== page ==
Teenagers are teenagers no matter where you go in the world. There will be boy-girl drama, family problems, girl fights, and school issues. And while living in a different country and culture can be quite overwhelming at times, doing youth work here is like slipping back into an old pair of shoes. It feels natural and familiar.

This past week, we had 150 teenagers flood our campus for our yearly December youth camp. I registered campers, printed name tags, coordinated small groups, led an afternoon of team-building games, and supported our student leaders. Every day I went to bed more tired than the day before. But every day I also went to bed knowing more and more why we do this camp. It all came to a head mid-week when we had something called “family time” where all of the leaders got up on stage and the campers could ask us questions about life. Simple enough but it quickly turned very real.

“What challenges did you face as a young person?”

I thought back to my time in high school as I looked out at the crowd of faces that earnestly wanted to know the answer. “My biggest challenge as a teen was not resisting temptation to do things I should not be doing like having sex or drinking. My biggest challenge was loneliness. I felt like I did not have friends and that the ones I did have did not really know me. I became depressed and no one knew. That time also translated into an attitude of very low self esteem that I am still trying to heal.”

One girl off to the side of the auditorium raised her hand, “How did you combat that low self esteem?” I could see in her eyes that it was not just a question. She knew what it felt like to not believe she is beautiful or capable.

“I know what that feels like. To be so low that you feel like you could never believe in yourself. I remember a specific day when I was 20 years old sitting by a lake in the States and I thought to myself, ‘I can’t go on thinking so little of myself. I know in my head that God thinks I am worthy and beautiful and just plain awesome, but I just do not believe it myself.’ But you know that you change your patterns of thinking by the things and people you have around you. So I decided to just swim in these truths that I did not believe and maybe just maybe it would sink in. So I wrote ‘You are Beautiful.’ On a note card and placed it smack dab in the middle of my mirror so that I would have to see it every morning. And you know what, it slowly worked somehow. At first I would look at it and say ‘yeah right.’ But the next day I would be like, ‘yeah right…?’”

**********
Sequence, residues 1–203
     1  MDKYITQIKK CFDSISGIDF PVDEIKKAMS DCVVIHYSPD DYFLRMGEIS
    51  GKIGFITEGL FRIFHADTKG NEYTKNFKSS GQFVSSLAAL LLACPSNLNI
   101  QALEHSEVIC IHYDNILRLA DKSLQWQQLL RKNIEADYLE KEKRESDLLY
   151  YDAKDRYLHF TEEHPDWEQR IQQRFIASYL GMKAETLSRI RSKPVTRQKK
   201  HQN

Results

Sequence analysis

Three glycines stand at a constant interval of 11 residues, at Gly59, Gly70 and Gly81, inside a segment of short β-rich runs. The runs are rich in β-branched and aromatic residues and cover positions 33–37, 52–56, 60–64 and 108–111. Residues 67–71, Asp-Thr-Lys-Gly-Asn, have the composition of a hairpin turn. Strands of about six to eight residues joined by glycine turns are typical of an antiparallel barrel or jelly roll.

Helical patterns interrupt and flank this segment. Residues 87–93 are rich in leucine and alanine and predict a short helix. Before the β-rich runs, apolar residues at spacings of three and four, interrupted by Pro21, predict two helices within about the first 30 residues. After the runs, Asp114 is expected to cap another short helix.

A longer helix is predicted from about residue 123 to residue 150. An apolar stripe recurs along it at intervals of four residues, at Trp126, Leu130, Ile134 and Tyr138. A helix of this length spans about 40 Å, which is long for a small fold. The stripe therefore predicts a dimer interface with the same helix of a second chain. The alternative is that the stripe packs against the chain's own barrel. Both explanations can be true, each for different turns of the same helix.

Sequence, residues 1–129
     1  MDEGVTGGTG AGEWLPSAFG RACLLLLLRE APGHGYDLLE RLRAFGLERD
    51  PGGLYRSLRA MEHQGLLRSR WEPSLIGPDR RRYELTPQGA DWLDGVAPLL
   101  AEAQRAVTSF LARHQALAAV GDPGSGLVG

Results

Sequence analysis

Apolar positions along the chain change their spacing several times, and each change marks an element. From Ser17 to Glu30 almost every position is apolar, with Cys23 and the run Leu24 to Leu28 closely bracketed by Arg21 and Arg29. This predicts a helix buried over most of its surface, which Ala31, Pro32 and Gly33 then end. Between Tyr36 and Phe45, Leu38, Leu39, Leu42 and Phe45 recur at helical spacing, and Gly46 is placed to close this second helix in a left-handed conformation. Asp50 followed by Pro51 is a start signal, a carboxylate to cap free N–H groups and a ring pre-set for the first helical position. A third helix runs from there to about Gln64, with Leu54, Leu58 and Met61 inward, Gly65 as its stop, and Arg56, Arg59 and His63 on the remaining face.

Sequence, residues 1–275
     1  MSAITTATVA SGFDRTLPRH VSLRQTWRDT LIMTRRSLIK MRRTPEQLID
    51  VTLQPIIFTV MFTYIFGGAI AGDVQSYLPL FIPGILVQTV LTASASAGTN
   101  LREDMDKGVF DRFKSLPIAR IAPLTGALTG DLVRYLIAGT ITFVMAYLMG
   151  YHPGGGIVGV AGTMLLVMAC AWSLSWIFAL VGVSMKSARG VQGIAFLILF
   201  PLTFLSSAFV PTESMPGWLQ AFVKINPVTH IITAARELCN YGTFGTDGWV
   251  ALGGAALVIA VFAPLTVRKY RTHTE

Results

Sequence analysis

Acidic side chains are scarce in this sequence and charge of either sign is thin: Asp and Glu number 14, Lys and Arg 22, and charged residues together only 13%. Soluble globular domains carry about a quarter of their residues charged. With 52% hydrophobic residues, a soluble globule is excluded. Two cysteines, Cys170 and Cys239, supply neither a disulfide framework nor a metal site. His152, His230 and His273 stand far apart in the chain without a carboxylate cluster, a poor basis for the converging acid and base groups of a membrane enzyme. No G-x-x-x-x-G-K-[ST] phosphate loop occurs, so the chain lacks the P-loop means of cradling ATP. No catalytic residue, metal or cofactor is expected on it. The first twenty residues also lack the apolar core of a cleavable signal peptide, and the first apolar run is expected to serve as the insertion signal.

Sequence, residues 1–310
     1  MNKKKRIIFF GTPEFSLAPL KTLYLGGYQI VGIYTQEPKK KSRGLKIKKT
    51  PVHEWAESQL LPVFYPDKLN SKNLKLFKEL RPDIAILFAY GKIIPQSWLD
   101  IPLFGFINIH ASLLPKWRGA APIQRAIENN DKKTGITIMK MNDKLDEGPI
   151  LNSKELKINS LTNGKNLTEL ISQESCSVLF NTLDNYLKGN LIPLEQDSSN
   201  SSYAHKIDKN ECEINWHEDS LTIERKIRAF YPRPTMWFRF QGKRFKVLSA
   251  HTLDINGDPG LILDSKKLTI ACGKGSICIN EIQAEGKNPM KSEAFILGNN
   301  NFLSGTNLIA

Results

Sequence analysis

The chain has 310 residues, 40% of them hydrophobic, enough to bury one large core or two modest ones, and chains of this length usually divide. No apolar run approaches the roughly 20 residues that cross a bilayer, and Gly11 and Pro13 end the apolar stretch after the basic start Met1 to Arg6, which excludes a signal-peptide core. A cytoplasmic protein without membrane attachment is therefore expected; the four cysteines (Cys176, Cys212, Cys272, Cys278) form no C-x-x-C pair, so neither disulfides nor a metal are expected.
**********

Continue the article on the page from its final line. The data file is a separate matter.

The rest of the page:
The session went on with question after question. How do you deal with anger towards a mother who was never there for you? What do I do if I feel crippled by depression? How do I relate to my family that has such an unhealthy dynamic? As I sat on that stage, my heart just broke. These teens are hurting and have the weight of the world on their shoulders. And after that night they go back to their hard realities. But the thing that we ARE able to offer is reassurance that they are not alone and a hand to walk along with them even after camp ends, whether that is physically us or directing them to supportive communities.